HB1484 Changes law regarding institutional vandalism and vandalism of cemeteries.
Sponsor: Overschmidt, Francis S. (110) Effective Date:00/00/0000
CoSponsor: Hosmer, Craig (138) LR Number: 3573L.02I
Last Action: COMMITTEE: PUBLIC SAFETY AND LAW ENFORCEMENT
02/29/2000 - Executive Session Held (H)
HCS VOTED DO PASS
HB1484
Next Hearing:Hearing not scheduled
Calendar:Bill currently not on calendar
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Available Bill Summaries for HB1484 Copyright(c)
* Committee * Introduced

Available Bill Text for HB1484
* Introduced *

BILL SUMMARIES

COMMITTEE

HCS HB 1484 -- INSTITUTIONAL VANDALISM

SPONSOR:  Kissell (Overschmidt)

COMMITTEE ACTION:  Voted "do pass" by the Committee on Public
Safety and Law Enforcement by a vote of 14 to 0.

This substitute makes changes to the crime of institutional
vandalism.

Currently, if damages are less than $1,000, institutional
vandalism is considered a class A misdemeanor; if damages are
more than $1,000, it is a class D felony; and if damages are
more than $5,000, it is a class C felony.

The substitute revises the penalties as follows:  if damages are
less than $500, institutional vandalism is a class A
misdemeanor; if damages are more than $500, it is a class D
felony; and if damages are more than $10,000, it is a class C
felony.  In addition, if damages are more than $100,000,
incarceration of 7 years without probation or parole is required.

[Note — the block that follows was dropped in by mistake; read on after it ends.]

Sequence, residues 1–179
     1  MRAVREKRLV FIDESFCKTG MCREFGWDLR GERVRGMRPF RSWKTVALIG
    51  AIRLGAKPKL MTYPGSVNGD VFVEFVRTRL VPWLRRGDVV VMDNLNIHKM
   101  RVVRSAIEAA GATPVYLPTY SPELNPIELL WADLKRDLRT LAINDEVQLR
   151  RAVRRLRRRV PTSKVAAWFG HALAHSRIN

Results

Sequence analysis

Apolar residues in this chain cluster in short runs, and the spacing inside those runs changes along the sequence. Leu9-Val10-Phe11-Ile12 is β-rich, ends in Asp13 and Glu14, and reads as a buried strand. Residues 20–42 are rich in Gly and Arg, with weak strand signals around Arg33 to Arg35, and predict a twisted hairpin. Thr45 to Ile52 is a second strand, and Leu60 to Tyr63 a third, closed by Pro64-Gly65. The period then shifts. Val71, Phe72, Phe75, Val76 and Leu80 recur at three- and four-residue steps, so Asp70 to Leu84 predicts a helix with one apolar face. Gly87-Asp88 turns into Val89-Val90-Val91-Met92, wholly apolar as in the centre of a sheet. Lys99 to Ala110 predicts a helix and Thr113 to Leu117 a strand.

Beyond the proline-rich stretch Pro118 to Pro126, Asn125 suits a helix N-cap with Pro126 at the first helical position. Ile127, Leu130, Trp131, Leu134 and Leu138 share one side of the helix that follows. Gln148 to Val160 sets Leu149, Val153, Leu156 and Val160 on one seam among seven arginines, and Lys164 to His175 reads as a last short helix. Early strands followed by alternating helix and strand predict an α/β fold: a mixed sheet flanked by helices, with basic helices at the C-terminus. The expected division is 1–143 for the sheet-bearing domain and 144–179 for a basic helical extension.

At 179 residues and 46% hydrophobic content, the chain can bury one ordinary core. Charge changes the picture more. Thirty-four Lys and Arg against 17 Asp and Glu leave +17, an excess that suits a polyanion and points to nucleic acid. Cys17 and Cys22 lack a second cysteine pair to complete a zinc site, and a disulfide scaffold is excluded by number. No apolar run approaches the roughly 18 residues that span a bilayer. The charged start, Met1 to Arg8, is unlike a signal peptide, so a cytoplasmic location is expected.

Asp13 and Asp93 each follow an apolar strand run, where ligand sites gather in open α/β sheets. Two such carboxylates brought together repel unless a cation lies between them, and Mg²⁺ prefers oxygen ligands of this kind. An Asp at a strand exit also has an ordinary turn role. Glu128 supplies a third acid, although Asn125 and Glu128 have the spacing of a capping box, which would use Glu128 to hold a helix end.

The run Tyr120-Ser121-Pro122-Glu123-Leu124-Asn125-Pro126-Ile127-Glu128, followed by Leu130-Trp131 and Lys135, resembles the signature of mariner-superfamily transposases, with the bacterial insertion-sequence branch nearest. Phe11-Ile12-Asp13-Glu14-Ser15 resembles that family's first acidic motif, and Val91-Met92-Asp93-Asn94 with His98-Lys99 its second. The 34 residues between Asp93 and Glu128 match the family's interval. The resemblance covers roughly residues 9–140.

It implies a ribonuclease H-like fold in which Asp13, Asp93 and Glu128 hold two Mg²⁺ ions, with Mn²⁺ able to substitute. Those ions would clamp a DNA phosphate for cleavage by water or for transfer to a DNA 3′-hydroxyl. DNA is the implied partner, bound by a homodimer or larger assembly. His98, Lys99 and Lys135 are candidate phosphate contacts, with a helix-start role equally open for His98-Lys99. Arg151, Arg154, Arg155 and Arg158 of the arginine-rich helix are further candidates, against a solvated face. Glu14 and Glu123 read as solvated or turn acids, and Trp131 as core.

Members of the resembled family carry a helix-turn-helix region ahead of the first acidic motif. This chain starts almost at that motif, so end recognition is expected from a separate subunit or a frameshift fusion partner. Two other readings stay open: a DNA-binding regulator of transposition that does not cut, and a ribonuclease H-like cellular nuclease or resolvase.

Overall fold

In all cases of institutional vandalism, the offender must pay
restitution for damages to property.

The substitute also gives the right of civil action for damages
or losses to owners of property adjacent to cemeteries and
caretakers of abandoned family cemeteries.  Currently, only
those who incur bodily injury or damage to personal property
have a right to civil relief.

FISCAL NOTE:  Not available at time of printing.

PROPONENTS:  Supporters say that the bill makes necessary
increases to penalties for vandalism and allows restitution for
damages.  The bill also provides a remedy for individuals who
live near or have an interest in a cemetery, since family
members who have a cause of action are not always able to pursue
damages.

Testifying for the bill were Representatives Overschmidt and
Griesheimer.

OPPONENTS:  There was no opposition voiced to the committee.

Sarah Madden, Legislative Analyst


INTRODUCED

HB 1484 -- Institutional Vandalism

Co-Sponsors:  Overschmidt, Hosmer, Griesheimer

This bill makes changes to the crime of institutional vandalism.

Currently, if damages are less than $1,000, institutional
vandalism is considered a class A misdemeanor; if damages are
over $1,000, it is a class D felony; and if damages are over
$5,000, it is a class C felony.

The bill revises the penalties as follows:  if damages are less
than $500, institutional vandalism is a class A misdemeanor; if
damages are over $500, it is a class D felony; and if damages
are over $10,000, it is a class C felony.  In addition, if
damages are over $100,000, incarceration of 7 years without
probation or parole is required.

In all cases of institutional vandalism, the offender must pay
restitution for damages to property.

The bill also gives the right of civil action for damages or
losses to owners of property adjacent to cemeteries and
caretakers of abandoned family cemeteries.  Currently, only
those who incur bodily injury or damage to personal property
have a right to civil relief.


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Last Updated October 5, 2000 at 11:33 am